But, what kind of accommodation they’ll provide you with? Do they provide vegetarian meals? Will they send you the flight tickets at your home address or will reimburse you the costs?

These are questions that you must ask before leaving if you want to avoid surprises later on.

Hosts do their best to ensure that the helping hands are happy while staying with them, but their possibilities are not endless. Here is what you can expect from them.



No two accommodations are the same.

Your image of a nice room may not be the same as what people in rural Asia find nice, so make sure you adjust adequately.

One thing is for sure – volunteers never live in luxury. They mostly live in basic accommodation.

This may include, but is not limited to:

Volunteers House/Apartment

Many organizations possess or rent a house or an apartment where they accommodate volunteers. These houses are fully furnished, have enough beds for everyone and a fully equipped kitchen.

Volunteers may have to share the room with another volunteer. In less common occasions, they have their own room only for themselves.


This option means that you’ll stay with a local family in their home. You’ll live with them as if you are a member of the family. Volunteers who stay in a homestay may have their own room or share it with a family member.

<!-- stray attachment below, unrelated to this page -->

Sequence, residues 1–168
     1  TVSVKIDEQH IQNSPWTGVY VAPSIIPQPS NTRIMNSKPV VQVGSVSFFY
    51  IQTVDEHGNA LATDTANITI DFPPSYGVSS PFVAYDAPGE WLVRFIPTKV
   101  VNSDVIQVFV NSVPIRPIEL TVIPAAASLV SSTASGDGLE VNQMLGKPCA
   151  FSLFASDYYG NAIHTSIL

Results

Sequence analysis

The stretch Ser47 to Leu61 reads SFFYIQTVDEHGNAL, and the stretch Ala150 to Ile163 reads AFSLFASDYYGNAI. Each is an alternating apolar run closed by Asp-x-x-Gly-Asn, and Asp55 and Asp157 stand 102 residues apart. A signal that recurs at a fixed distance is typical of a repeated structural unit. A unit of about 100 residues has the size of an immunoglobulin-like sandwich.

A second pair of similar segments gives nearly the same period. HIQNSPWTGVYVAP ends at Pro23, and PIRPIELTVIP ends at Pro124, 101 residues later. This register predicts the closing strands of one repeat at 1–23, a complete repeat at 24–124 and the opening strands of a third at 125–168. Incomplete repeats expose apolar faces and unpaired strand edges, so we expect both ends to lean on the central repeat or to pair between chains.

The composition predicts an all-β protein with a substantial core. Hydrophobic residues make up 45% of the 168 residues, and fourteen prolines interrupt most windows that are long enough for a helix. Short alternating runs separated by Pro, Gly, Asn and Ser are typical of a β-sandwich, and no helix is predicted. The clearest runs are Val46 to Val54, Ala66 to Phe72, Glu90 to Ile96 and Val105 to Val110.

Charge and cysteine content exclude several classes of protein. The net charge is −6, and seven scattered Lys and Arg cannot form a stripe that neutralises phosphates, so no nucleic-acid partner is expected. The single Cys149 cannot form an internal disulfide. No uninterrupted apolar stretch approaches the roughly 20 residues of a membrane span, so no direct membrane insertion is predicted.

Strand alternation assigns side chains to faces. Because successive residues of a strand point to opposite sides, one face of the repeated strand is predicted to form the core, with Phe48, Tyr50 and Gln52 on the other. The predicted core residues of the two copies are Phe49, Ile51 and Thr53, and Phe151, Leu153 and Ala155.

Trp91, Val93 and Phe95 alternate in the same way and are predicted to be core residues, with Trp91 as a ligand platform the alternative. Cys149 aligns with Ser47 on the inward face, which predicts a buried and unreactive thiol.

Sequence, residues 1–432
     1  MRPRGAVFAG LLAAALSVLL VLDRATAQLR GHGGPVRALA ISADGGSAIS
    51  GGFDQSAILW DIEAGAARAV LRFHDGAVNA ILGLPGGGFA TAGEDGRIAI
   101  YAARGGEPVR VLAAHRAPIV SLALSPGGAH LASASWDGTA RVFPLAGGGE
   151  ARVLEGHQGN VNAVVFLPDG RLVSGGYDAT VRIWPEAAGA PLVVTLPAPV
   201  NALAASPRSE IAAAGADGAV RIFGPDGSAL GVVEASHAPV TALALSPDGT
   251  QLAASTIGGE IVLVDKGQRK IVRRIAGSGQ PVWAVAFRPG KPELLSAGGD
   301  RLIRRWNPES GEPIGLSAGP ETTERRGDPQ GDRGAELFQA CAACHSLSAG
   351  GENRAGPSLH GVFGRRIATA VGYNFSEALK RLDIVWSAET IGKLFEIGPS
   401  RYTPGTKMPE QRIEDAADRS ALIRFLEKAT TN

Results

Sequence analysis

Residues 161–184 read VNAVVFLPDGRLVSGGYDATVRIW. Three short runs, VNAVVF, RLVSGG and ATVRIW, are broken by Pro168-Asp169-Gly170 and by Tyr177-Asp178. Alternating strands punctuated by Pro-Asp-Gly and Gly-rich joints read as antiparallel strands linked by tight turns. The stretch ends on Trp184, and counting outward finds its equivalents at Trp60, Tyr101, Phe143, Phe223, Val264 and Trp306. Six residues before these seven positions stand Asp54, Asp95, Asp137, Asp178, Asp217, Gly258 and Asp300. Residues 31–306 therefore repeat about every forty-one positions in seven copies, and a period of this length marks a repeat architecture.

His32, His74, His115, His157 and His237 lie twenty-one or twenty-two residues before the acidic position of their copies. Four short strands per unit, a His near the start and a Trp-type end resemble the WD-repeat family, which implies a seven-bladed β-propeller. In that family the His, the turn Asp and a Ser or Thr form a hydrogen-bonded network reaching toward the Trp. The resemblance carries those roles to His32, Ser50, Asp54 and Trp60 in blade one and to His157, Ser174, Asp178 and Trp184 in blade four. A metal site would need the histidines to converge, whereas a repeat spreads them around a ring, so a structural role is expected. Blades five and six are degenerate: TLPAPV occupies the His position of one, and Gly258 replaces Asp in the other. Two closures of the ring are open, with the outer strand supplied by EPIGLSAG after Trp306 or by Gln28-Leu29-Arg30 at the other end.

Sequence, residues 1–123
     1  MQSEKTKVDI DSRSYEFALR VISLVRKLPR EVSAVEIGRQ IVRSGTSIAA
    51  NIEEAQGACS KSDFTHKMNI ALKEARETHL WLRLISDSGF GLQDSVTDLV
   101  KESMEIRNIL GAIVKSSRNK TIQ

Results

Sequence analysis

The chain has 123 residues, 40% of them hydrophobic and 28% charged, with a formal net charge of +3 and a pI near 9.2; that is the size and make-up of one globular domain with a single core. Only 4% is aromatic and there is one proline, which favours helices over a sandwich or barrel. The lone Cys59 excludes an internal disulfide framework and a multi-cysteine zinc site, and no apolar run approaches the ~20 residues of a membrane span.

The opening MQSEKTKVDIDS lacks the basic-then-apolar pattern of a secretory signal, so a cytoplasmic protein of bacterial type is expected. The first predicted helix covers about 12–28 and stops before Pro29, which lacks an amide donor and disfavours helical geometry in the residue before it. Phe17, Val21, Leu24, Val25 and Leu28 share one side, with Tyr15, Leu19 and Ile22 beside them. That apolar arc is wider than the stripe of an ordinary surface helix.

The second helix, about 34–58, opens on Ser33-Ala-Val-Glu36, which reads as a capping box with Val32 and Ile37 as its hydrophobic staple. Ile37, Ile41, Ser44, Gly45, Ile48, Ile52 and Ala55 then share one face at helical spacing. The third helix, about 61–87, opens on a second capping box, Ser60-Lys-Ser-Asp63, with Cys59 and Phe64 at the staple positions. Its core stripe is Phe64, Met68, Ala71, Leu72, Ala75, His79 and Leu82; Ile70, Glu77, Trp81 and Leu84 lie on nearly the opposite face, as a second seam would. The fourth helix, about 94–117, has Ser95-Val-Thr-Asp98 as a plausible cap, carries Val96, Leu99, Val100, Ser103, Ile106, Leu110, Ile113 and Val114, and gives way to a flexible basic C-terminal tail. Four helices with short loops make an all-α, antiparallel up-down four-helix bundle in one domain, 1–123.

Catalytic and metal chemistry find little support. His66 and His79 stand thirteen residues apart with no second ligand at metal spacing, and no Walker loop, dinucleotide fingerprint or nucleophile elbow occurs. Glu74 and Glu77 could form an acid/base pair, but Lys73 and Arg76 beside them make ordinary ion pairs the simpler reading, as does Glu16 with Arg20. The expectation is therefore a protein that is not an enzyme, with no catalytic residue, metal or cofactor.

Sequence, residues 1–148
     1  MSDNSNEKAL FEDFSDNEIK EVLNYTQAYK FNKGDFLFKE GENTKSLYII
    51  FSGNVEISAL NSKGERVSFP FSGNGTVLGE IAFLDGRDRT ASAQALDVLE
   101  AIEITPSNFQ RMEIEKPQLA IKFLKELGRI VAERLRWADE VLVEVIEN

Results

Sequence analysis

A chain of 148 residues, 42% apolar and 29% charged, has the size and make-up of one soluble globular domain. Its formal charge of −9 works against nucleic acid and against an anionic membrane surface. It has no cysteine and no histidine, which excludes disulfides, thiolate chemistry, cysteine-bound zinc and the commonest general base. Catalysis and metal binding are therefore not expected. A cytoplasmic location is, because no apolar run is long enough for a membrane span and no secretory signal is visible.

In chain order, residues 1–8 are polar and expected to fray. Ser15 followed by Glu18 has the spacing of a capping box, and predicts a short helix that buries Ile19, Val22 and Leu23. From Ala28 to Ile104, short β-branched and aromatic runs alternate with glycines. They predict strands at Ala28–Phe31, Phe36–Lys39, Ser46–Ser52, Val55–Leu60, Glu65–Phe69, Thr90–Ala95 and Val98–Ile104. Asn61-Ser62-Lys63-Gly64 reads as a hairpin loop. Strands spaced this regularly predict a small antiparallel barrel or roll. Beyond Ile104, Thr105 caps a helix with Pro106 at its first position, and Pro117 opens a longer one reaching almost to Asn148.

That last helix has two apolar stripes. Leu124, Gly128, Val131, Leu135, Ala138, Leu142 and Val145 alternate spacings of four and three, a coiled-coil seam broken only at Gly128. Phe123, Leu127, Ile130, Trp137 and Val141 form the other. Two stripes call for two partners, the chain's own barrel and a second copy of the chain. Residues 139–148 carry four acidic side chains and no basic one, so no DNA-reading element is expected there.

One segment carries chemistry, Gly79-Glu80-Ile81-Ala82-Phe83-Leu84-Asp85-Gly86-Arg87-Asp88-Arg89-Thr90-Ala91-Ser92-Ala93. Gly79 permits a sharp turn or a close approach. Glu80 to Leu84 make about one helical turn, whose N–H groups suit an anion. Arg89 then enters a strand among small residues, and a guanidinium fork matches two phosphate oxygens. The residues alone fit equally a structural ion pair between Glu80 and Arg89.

The host family opens its doors to the home just as it is.

There are some minimal standards they have to meet, like five people must not sleep in the same small room, but you should expect whatever the local standard is. Nothing more than that.

A bed in a hostel

If you opt for a work exchange program with a hostel, you’ll get a bed in a dorm room in the very same hostel.

Do not expect a single room, since these are their most expensive asset and bring most revenues.


For short-term volunteering project that involves work in outdoors, tents are a viable option.


Instead of a tent, some short-term project may provide premises where you can camp only with your sleeping bag.



Some or all of your meals may be paid by your hosts.

Most of them provide volunteers with all three meals a day. Very few of them provide only one meal while on duty.

Meals may be omnivore, vegetarian, vegan, halal, kosher, or any other type.

Make sure you talk to your hosts about your dietary requirements prior to departure to ensure that they can provide what you need.

In any case, the food will be local.

Organizations use three ways to provide food to volunteers:

  • Cook the meals and serve them
  • Provide them with food and volunteers cook themselves (they can buy something else if they don’t like it)
  • Provide volunteers with money to buy food or
  • A combination of any of these.


Travel Costs

Travel costs include the expenses you have to travel from your home country to the volunteering post and back.

Hosts that cover travel costs pay for flights, train ride, bus ride, or another mean of transportation.

They pay for it in any of the two following ways: